Functional magnetic resonance imaging (fMRI) has provided insight about the role of the brain in processing food cues; however, the extent to which these brain responses predict eating behaviors, particularly in children, is unclear. We review what is known about the role of the brain in driving pediatric food intake decisions, with emphasis on the importance of including objective measures of eating behavior to move the field forward. Because children’s brains are undergoing developmental changes, pediatric neuroimaging presents challenges for both execution and analysis. Issues pertinent to pediatric samples that can impact scan success include movement, brain anatomy, and body size. We discuss ways in which these challenges can be overcome by conducting prescan training and designing experiments that include relevant indicators of overconsumption in youth (e.g., loss of control, eating speed). Studies that include children should be aware of developmental brain changes that may influence food intake decisions. Brain regions implicated in reward develop earlier than those implicated in cognitive control. For this reason, children are vulnerable to making poor dietary decisions. Future studies could use neurophysiological indicators of overconsumption to develop individualized interventions to prevent obesity.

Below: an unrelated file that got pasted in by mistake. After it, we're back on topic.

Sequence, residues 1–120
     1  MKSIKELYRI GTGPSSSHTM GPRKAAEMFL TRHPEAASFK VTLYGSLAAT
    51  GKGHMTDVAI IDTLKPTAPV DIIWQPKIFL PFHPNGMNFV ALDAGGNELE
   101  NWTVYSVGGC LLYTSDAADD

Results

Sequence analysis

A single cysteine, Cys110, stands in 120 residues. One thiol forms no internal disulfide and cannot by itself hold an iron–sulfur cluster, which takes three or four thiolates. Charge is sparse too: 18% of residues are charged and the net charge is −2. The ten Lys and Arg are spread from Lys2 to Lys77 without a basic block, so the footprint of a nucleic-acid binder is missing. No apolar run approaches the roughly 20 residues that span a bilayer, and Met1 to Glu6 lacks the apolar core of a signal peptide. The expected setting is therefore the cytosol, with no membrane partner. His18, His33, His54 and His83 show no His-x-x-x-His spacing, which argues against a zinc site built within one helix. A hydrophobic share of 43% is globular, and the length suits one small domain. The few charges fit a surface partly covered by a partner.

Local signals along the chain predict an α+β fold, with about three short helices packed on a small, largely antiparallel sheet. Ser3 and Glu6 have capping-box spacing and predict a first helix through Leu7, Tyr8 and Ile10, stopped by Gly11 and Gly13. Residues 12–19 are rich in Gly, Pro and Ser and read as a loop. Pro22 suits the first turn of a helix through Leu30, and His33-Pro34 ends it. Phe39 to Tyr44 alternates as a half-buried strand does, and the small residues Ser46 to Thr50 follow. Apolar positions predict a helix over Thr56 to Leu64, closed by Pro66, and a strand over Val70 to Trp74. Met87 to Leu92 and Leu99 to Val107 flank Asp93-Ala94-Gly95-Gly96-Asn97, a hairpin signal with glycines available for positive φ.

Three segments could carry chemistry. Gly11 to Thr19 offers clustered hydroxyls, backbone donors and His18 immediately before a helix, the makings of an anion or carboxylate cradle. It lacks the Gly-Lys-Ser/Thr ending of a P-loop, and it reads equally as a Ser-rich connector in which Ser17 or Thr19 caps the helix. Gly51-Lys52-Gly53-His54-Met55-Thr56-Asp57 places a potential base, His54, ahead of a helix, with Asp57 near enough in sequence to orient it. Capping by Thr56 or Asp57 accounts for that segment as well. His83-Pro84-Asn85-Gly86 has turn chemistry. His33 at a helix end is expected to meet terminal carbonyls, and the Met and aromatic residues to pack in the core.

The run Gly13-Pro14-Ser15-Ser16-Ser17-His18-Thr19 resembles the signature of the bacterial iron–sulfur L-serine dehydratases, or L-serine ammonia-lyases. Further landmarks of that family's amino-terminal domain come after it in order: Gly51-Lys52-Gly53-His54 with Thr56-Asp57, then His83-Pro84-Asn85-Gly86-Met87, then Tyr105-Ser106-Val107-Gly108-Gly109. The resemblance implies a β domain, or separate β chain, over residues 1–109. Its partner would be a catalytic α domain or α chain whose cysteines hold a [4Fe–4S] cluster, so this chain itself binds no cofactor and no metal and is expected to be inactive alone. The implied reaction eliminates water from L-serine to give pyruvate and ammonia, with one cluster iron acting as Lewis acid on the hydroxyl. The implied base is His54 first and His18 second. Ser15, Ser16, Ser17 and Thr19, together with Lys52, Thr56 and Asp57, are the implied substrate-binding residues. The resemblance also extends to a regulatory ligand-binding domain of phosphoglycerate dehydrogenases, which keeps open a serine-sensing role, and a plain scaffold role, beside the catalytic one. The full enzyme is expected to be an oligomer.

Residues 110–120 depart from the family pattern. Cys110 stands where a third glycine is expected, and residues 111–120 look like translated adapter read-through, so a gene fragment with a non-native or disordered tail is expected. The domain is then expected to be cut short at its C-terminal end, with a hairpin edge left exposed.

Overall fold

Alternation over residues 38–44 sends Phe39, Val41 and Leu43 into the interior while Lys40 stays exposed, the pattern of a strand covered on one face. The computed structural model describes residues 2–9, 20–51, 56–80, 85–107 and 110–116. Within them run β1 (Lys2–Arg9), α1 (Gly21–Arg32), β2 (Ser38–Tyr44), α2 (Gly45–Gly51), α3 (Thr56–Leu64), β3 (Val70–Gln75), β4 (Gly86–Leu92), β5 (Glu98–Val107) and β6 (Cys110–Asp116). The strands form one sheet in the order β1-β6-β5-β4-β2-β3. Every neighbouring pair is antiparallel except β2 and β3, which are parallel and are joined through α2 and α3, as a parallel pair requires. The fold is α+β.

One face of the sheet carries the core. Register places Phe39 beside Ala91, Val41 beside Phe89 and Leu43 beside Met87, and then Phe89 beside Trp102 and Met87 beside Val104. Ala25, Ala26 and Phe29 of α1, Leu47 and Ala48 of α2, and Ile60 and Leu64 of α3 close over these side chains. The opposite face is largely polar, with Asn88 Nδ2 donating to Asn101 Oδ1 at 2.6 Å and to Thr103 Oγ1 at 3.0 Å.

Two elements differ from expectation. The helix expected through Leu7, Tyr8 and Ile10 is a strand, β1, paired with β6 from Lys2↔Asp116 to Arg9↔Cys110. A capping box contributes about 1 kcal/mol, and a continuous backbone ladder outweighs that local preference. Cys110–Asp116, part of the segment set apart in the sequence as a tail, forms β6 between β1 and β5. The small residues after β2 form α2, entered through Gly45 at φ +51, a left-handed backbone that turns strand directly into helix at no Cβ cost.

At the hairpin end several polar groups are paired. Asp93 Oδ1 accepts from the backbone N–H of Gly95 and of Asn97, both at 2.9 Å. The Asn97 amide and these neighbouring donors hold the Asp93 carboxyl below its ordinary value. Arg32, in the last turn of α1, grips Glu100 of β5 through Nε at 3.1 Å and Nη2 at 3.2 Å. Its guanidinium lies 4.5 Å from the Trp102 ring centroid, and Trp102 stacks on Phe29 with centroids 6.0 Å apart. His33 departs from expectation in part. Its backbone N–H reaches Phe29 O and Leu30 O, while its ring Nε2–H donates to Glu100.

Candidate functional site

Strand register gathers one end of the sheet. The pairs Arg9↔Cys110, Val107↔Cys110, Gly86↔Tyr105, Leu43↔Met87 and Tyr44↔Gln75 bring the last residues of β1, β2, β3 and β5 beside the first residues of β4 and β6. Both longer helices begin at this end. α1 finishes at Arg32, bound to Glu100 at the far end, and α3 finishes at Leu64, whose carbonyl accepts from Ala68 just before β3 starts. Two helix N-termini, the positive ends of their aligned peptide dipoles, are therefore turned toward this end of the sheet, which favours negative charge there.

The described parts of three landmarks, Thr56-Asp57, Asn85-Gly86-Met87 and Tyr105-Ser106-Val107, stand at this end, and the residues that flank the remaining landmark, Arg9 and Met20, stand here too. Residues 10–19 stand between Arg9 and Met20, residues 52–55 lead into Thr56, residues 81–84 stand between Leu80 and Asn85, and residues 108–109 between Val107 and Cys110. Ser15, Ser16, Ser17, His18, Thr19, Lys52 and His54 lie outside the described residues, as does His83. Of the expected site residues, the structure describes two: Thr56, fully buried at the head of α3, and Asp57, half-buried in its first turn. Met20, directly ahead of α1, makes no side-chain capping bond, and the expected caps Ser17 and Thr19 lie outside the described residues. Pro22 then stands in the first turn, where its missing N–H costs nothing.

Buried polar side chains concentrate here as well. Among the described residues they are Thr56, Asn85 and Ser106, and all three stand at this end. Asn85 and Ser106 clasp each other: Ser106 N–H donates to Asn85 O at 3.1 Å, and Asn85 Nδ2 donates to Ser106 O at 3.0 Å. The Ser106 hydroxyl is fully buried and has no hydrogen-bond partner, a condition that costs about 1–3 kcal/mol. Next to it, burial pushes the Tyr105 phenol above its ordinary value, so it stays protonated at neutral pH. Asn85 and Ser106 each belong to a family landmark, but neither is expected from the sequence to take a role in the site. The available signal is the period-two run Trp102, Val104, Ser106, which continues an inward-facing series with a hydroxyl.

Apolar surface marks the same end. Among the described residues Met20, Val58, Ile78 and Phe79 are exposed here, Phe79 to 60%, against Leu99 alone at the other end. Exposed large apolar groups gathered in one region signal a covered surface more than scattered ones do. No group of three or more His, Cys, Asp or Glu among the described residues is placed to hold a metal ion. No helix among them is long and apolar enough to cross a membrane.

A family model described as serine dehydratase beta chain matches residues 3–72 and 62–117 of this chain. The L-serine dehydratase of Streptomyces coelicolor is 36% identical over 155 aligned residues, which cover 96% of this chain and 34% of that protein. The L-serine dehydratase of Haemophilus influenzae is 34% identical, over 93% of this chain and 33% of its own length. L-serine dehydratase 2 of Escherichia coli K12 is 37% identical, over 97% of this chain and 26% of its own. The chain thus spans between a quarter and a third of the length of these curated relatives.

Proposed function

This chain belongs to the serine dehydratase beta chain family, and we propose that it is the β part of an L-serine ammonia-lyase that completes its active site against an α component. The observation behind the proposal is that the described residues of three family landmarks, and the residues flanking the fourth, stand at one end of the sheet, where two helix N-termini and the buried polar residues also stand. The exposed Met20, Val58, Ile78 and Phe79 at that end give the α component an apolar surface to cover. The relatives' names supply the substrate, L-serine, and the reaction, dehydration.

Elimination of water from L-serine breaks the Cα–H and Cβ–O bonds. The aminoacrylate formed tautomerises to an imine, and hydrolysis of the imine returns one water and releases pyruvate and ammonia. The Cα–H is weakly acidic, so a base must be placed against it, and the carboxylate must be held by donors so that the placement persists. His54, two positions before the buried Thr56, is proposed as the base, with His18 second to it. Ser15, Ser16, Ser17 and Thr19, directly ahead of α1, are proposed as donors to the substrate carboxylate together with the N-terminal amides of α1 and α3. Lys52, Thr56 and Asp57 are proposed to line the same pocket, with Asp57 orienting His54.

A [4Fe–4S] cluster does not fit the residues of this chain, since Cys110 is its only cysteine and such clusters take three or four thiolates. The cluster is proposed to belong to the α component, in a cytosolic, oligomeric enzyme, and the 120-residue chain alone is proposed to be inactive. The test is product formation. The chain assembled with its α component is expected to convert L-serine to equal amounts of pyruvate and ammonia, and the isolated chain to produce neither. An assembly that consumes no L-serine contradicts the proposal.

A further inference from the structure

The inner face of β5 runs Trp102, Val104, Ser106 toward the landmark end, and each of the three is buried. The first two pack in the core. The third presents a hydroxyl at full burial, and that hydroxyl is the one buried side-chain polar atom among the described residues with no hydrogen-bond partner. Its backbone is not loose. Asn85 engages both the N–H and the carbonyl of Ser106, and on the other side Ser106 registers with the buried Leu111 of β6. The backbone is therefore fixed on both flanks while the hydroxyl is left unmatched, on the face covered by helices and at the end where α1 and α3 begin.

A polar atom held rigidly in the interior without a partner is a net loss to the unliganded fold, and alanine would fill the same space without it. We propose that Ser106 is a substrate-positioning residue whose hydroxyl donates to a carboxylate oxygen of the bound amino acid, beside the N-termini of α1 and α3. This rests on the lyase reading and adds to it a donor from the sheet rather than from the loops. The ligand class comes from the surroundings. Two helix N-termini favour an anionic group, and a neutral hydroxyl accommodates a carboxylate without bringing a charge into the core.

|Original language||English (US)|
|Title of host publication||Pediatric Food Preferences and Eating Behaviors|
|Number of pages||25|
|State||Published - Jan 1 2018|
All Science Journal Classification (ASJC) codes
- Agricultural and Biological Sciences(all)